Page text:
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Baltic Diversity Notes - BONUS BIO-C3

Bringing you updates on Baltic Sea biodiversity from the BIO-C3 project and thoughts on life as a young researcher
13.11.2014 10:19

Biodiversity – what is it, why care and how to experience it?

Anna Törnroos

Yesterday a huge step for humankind was taken with the Rosetta-project, and as a scientist this feels great and exciting! However, I find it amazing that we know more about the surface of Mars than our own oceans and seas! So here are some thoughts for the biodiversity of our own planet.

“The variety of life at every hierarchical level and spatial scale of biological organisations: genes within populations, populations within species, species within communities, communities within landscapes, landscapes within biomes, and biomes within the biosphere.” 

– E.O. Wilson 1998

 

The citation above is the first recorded definition of biological diversity (or biodiversity) and it is actually the one I like the most, it’s clear and straightforward and was put forward by Professor Edward Osborne Wilson in 1998.

 

What it tells us is that we can choose to look at biodiversity in many different ways, which is exactly what we also do in the BIO-C3 project (https://www.bio-c3.eu). Our aim is to study the biodiversity below the Baltic Sea surface all the way from genes to ecosystems. As a first glimpse into this, I thought I´d share some pictures on the variety of environments or habitats in the Baltic Sea that I have experienced in my research, throughout my studies and during many summer jobs. *

 

For example, the fascinating habitats in the northernmost parts of the Baltic Sea (Bothnian Bay and the Finnish Archipelago), where water mosses (which you “normally” find in freshwater environments) are actually growing side-by side with other aquatic plants and algae…

 

Common water moss (Fontinalis antipyretica) in the Quark Archipelago (Bothnian Bay). © Wildlife and Parks Finland

...Or harder substrates like Blue mussel reefs, which at this time of the year almost look like a quilt with bright red spots of red algae. 

Blue mussels (Mytilus edulis) and red algae © Wildlife and Parks Finland

…to the southernmost parts in the Danish Waters where you can encounter large meadows of seagrass that are home to a huge variety of animals.


Seagrass meadow (Eelgrass: Zostera marina) in Danish waters (Ebeltoft). © Tiina Salo

 

But why should we care?

We humans are extremely efficient at changing not only nature on land but also life in the sea. This has resulted in a drastic loss of species and degradation in the environments they live in. And this variety of organisms perform and uphold functions that make the ecosystem work (production, nutrient cycling etc.), which in turn relates to our well being (we obtain food, water to drink etc.). So, losing biodiversity means we may lose something that we are dependent on now and in the future.

 

You may also check out one of my favorite TED talks by Dr. Silvia Earl, a National Geographic explorer and the receiver of the 2014 Glamour Women of the Year Lifetime Achievement award.  (https://www.ted.com/talks/sylvia_earle_s_ted_prize_wish_to_protect_our_oceans)

 

How to experience your local marine biodiversity?

Going out and having a look at what´s below the surface is something that I recommend all of us to do at some point, whether it is only taking a quick peak when you are swimming or actually snorkeling or diving. Or, at this time of the year when the water isn´t that warm anymore, having a look at what´s been washed ashore on the beach.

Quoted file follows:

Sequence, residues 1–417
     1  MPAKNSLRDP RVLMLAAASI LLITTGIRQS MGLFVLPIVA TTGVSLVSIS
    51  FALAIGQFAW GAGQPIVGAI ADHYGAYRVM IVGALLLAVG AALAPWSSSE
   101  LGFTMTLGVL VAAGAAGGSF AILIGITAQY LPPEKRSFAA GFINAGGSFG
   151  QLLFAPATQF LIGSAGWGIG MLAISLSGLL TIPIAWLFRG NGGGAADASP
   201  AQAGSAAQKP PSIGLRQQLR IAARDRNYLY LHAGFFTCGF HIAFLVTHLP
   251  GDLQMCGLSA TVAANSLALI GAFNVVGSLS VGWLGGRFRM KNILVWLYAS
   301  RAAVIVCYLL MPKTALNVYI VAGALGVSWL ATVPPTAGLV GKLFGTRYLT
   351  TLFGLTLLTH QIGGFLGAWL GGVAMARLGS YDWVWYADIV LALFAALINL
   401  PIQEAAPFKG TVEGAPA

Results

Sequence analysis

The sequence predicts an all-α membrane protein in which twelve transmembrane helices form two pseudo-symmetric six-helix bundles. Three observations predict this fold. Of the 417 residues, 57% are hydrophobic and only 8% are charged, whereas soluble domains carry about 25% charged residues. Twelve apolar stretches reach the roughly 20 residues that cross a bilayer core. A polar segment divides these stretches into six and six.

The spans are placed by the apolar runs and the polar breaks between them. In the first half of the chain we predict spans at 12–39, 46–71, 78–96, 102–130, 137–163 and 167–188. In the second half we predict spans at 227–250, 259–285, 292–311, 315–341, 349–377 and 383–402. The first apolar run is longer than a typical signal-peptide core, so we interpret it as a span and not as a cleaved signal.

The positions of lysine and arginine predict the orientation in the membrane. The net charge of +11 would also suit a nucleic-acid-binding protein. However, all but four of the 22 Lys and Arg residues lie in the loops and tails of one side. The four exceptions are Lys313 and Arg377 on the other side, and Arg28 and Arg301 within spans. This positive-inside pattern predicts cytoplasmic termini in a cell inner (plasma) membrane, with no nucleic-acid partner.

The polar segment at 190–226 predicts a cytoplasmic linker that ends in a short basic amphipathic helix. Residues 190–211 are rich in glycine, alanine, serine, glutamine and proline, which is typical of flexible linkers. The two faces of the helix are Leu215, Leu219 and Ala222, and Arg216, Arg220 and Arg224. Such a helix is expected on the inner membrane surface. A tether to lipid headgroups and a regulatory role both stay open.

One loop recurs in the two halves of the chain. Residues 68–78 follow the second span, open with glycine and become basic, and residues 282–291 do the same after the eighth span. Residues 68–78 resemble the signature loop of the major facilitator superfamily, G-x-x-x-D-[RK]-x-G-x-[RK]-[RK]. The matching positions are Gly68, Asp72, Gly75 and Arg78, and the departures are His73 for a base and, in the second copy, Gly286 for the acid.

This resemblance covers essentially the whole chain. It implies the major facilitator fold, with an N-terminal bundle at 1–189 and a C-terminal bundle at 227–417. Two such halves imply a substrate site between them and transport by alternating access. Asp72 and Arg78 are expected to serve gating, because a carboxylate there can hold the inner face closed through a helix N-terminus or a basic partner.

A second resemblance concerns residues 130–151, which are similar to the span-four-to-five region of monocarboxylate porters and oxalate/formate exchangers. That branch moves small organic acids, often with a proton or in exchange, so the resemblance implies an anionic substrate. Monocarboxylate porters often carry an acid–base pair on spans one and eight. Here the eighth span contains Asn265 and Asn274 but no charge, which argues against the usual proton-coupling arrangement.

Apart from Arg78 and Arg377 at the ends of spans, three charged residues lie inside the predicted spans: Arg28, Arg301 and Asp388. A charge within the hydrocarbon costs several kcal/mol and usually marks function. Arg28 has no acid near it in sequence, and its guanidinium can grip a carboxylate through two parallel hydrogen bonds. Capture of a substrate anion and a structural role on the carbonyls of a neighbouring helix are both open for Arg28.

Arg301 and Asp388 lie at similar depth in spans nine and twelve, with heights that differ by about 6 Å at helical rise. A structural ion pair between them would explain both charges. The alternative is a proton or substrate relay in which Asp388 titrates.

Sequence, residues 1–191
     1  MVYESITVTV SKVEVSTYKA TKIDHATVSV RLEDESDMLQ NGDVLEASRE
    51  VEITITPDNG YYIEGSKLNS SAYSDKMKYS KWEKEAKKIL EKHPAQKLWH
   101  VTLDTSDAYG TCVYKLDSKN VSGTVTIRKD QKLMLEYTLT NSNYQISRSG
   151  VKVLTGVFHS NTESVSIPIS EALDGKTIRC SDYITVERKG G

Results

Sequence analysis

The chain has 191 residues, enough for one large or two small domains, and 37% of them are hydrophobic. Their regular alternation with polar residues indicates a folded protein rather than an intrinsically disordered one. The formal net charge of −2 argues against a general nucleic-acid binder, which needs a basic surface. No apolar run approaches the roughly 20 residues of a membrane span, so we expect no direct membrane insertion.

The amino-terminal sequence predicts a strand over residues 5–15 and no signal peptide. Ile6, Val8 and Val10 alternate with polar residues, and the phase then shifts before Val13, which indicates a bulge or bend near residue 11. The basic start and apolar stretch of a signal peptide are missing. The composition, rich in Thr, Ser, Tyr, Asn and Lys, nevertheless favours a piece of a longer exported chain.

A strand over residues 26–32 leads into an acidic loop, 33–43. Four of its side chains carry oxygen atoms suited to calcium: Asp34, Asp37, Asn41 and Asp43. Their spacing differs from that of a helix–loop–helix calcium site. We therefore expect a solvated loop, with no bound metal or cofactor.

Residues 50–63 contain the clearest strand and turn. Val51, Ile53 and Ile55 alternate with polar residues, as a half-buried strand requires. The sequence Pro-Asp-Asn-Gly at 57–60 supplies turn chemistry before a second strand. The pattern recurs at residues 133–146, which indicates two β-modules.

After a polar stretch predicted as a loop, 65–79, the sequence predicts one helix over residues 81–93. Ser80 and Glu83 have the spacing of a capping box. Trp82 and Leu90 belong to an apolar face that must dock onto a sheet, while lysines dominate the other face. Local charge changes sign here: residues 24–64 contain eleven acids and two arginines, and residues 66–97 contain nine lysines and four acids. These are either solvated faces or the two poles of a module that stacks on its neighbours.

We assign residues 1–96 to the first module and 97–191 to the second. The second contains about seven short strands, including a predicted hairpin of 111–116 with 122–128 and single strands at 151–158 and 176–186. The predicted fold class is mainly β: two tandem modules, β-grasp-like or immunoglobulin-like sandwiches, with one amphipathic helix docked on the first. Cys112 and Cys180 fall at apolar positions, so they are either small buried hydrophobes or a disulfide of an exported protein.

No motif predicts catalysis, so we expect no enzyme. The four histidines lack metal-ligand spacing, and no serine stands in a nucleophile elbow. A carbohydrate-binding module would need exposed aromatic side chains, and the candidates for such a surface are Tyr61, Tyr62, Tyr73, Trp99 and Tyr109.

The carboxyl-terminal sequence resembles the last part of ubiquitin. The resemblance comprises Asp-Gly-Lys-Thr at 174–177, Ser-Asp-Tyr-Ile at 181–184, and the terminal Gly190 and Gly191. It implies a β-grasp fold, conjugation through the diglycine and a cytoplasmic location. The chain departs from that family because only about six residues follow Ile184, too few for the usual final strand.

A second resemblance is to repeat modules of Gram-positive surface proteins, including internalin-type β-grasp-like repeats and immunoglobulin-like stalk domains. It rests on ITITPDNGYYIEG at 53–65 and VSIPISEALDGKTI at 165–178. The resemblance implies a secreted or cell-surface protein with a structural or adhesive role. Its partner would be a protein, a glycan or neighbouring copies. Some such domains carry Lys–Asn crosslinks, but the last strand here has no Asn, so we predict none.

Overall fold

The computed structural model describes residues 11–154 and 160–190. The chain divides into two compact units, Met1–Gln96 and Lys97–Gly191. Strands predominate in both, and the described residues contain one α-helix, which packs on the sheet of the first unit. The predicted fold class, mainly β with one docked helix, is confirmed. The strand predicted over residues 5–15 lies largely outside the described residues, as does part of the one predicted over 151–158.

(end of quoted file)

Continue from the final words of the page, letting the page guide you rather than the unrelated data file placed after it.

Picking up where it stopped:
Another good idea is visiting an aquarium. This, I might add, is a particularly great idea for all of you with children and holidays coming up (or like me who just volunteered for baby sitting…). If you are a student or perhaps teacher/lecturer needing a bit of motivation, I also warmly recommend spending some hours at an aquarium. I did this once with my students in a functional ecology course and it really inspired all of us. The great thing about aquariums is that you can find them in almost all big cities nowadays, and many of them have a bit of the local ecosystem and species represented.

 

So now people, go out and experience and appreciate your local marine biodiversity!

I´m at least heading out to visit our nearest beach and then on to Den Blå Planet – the Danish National Aquarium in Copenhagen! 


Until next week,

Anna

 

 

*A tip to you as an undergrad or graduate student: do go for a summer job where you get to see and hands-on participate in the research, monitoring or conservation in the field! I know it usually do not pay very well, and you might think you do not know enough, but in the long run it will pay off as something extra on your CV, and it will definitely boost your motivation and confidence, I´m living proof of it! Ask around for opportunities and ideas on whom to contact at the department and with the PhD students or postdocs. Start already in January as many of the ideas and jobs are discussed already then). 

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13.11.2014 13:15
EB
What is "diversity"?!
Nice blog, nice pictures (what's that thing in the Zostera-meadow that isn't Zostera…?!). Biodiversity is a tricky thing if we go with "everything from molecules to the biosphere" - what are the real challenges for science within this field?
28.11.2014 09:21
Sediment Sam
Very nice blog Anna and great pictures showing the beauty of the Baltic Sea! You have one more follower with me. I am looking forward to more.

@ Anna and EB, might that be a Metridium (senile?) in the Zostera meadow? But directly on the sediment, without any hard substratum?